Restricting /nix/store in a mount namespace

I’m working on a personal project that involves jailing applications using tools like bubblewrap. Bubblewrap, among other capabilities, invokes an executable in an empty-by-default mount namespace and allows the user to specify paths to be bind-mounted in. Any other files are inaccessible by the executable.

Naturally, I can bind the entire host /nix/store to /nix/store in the namespace. But suppose I want to limit the applications that can be run inside the jail. What would be really slick would be a way to filter the /nix/store inside the jail down to just the closure of the application. Bind-mounting each individual directory in the closure would quickly exhaust the maximum number of bind mounts.

So I’m looking for, or considering writing, something like a FUSE filesystem that provides a read-only view on /nix/store, restricted down to a list of folders as could be provided by nix-store -qR. I’m wondering if anyone else has gone down this road and has any pointers before I invest much more time into it?

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There’s no need for a special filesystem, just get nix to list the closures of any relevant store paths, and then bind mount them all individually. That’s how nix makes the build sandboxes, too, afaik.

I thought there was a fairly low limit on the number of bind mounts, although I can’t find the source for that claim anymore and having tested it now a few thousand doesn’t seem like it’s too much for Linux to handle. Are there performance implications to having thousands of binds, though? Seems like the sort of scenario that the kernel might not have optimized for.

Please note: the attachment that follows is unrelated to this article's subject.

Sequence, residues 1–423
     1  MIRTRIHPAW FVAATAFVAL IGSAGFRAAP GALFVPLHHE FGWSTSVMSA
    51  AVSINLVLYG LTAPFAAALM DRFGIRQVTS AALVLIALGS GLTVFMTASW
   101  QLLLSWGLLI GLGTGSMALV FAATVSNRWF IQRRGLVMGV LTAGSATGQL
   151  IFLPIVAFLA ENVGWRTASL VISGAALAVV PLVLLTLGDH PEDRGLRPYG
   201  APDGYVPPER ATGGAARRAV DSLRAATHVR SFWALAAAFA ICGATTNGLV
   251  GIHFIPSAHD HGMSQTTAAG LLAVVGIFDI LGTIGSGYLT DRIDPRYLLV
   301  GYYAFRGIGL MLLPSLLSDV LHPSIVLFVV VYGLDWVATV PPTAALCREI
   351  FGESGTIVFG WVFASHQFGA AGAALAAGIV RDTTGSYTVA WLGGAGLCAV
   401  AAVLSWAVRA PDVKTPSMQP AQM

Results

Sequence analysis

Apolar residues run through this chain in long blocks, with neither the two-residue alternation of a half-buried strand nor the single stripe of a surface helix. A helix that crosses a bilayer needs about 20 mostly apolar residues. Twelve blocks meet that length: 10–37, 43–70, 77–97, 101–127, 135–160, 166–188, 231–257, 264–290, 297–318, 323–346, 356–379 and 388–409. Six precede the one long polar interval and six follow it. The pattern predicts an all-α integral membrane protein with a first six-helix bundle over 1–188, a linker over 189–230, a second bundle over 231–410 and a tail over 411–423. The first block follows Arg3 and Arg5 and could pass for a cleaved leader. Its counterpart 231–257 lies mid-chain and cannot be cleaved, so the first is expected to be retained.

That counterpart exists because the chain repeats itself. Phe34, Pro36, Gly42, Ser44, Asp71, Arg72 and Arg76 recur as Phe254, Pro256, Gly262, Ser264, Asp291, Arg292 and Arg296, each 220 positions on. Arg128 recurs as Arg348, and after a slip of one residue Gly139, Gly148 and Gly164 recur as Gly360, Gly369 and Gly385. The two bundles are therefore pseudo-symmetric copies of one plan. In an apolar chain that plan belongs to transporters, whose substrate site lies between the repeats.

Can’t answer from a kernel perspective, but given the prevalence of containers, I don’t think thousands is necessarily that uncommon.

If you’re worried about this, maybe consider using nix bundle

There are several ways to achieve better isolation of /nix/store:

  1. By far the easiest (and least secure), is to mount /nix/store, but make /nix/store execute-only (i.e. --x permissions).
    That means the container can access paths it knows, but as the directory is not readable, it can’t list which paths exist and as they include hashes, paths should be impossible to guess.
  2. One can create an overlay filesystem and remove not needed paths in the overlay. That has the advantage of only needing a single mount. On the other hand, newly created paths will be accessible inside the container. A while ago, I wrote a script that does that (and 1.):
  3. AppArmor can be used to allow access only to paths from a closure. nixpkgs has a helper for that:
security.apparmor.policies."bin.hello".profile = ''
  ${pkgs.hello}/bin/hello {
    include "${pkgs.apparmorRulesFromClosure { name = "hello"; } ([ pkgs.hello ])}"

I generally like the ideas, but most of the hashes are well-known, since they just match those of nix packages. If you’re looking for an exploit in a specific, common package (e.g. libc) the search space is like 10 at best.


Docker has 100-200 layers at max. and you usually only bind-mount a few state directories.


Just in case it didn’t come up in your search, I came across a nix-bubblewrap project that seems to have a similar goal.